KUALA LUMPUR (BLOOMBERG) - The daughter of former Malaysian prime minister Najib Razak said she got a job with TPG Capital after Tim Leissner, a former Goldman Sachs Group banker and star witness in the ongoing bribery trial linked to 1MDB in the US, made the introductions.
Ms Nooryana Najwa Najib said the introduction to TPG was made after she was told that getting a job with Goldman Sachs' "demanding analyst programme" could be a conflict of interest given that the investment bank does business with the Malaysian government.
Her comments, made on Facebook, confirm the close relationship that Leissner, Goldman's former South-east Asia chairman, and his former colleague Roger Ng enjoyed with Najib and his family.
Leissner is testifying against Ng, who prosecutors say received millions of dollars in kickbacks for helping to embezzle funds from state investment fund 1Malaysia Development Berhad (1MDB), which was founded by Najib in 2009 to promote economic development in Malaysia.
"Meeting senior banking professionals such as Roger Ng and Tim Leissner was nothing more than an opportunity to learn more about Goldman Sachs' demanding analyst programme," she said in the post in response to Leissner's testimony that he tried to get Najib's children jobs at Goldman in return for business.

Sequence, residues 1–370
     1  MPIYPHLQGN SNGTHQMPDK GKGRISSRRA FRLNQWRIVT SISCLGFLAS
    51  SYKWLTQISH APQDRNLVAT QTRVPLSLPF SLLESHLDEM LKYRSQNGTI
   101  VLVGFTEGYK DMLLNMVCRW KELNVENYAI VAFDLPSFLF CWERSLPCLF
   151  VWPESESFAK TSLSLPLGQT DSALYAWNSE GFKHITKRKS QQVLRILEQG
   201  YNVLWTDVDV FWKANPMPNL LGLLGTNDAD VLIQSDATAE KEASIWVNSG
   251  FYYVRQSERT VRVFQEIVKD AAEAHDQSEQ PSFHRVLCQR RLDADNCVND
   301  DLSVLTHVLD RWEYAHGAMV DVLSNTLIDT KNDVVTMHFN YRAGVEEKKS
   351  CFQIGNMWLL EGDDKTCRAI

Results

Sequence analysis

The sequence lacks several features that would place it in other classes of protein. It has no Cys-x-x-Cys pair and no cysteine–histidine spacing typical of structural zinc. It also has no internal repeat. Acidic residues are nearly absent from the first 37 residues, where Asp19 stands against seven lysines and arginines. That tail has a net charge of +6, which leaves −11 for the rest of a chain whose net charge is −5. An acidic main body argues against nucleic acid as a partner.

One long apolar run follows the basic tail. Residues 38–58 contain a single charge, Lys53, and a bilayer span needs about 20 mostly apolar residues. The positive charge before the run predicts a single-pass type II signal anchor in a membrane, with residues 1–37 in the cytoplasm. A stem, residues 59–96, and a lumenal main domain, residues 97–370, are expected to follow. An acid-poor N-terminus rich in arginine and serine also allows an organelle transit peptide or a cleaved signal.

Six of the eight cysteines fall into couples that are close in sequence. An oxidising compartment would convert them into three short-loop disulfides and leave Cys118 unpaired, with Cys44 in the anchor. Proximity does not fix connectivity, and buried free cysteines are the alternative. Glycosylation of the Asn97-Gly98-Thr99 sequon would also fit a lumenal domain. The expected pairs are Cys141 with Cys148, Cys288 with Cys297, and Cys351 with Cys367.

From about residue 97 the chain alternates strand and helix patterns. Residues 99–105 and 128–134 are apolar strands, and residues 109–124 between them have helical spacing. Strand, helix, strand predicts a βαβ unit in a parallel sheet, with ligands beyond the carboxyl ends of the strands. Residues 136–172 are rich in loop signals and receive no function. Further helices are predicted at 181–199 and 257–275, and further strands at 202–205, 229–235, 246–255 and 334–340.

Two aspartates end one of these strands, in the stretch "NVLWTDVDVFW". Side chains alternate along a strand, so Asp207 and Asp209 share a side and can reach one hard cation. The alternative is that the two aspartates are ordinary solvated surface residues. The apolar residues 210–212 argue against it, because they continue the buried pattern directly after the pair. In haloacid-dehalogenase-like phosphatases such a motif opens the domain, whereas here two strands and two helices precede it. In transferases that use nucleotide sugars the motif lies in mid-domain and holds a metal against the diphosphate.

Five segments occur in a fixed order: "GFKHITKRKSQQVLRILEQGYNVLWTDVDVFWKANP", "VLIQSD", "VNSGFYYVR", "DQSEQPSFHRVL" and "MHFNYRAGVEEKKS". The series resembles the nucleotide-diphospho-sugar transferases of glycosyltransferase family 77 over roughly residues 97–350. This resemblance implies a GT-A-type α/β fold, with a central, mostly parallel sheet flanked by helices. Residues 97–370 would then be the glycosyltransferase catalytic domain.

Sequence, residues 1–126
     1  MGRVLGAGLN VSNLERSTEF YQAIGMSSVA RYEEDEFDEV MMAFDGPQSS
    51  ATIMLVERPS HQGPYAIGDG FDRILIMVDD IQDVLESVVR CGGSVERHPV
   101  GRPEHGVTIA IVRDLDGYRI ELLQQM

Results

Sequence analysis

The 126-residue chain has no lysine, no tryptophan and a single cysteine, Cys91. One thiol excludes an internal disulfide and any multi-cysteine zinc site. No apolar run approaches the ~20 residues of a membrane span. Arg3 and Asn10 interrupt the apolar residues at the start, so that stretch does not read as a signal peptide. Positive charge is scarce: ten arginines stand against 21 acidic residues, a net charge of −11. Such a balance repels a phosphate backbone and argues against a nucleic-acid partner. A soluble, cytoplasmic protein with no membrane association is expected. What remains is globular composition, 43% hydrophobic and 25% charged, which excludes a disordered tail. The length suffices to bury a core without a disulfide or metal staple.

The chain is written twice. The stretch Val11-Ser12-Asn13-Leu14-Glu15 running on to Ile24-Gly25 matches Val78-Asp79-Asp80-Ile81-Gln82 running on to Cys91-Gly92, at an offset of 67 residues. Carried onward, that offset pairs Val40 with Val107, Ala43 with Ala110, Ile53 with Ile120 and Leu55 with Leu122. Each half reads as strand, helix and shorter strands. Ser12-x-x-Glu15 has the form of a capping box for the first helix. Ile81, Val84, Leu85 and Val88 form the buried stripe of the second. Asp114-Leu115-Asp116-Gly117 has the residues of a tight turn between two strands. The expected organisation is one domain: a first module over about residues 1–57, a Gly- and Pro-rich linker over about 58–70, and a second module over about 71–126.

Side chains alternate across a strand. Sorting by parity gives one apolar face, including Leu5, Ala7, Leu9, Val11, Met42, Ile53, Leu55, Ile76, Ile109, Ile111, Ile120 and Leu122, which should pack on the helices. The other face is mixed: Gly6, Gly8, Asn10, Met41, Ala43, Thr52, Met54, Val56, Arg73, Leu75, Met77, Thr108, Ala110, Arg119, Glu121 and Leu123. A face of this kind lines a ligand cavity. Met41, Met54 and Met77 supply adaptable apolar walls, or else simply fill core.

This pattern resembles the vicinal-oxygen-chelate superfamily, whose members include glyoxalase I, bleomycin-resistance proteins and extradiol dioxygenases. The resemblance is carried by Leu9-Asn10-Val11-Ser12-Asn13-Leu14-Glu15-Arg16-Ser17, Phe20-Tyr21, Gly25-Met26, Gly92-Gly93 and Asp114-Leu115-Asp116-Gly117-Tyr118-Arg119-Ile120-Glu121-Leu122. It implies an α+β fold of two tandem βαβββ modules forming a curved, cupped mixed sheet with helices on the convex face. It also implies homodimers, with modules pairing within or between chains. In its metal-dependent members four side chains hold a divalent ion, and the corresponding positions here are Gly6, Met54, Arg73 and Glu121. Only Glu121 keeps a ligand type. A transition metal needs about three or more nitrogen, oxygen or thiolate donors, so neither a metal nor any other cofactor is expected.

"Any college senior will attest that you need to do your groundwork and network with industry professionals in order to land a competitive job that matches your interests," she added.
Ms Nooryana eventually interviewed as an intern analyst at TPG's London office.
"This meant you're at the bottom of the food chain. Besides your core job scope, you're also responsible for the spadework. You're the PowerPoint girl, the photocopying girl, the coffee girl and the delivery girl, just to name a few," she added.
TPG had a strict compliance process, and given her father's position in the government, Ms Nooryana said she was not allowed to participate in or work on any Malaysian investor accounts.
Najib in his Facebook post on Wednesday (Feb 23) said that none of his children have ever been offered a job at Goldman.
Leissner earlier pleaded guilty to money laundering and bribery of foreign officials and is cooperating with the United States for leniency at his sentencing. Ng has pleaded not guilty.
Leissner in his testimony on Tuesday said Najib wanted to get his children jobs at the bank in return for working with the firm on US$6.5 billion (S$8.8 billion) bond deals.
Leissner said he was worried it might be perceived as "a bribe in kind" when, at the time, reports had emerged about other banks coming under scrutiny for giving jobs to prominent families in Asia.
Ultimately, a Goldman official rejected Leissner's request, he said.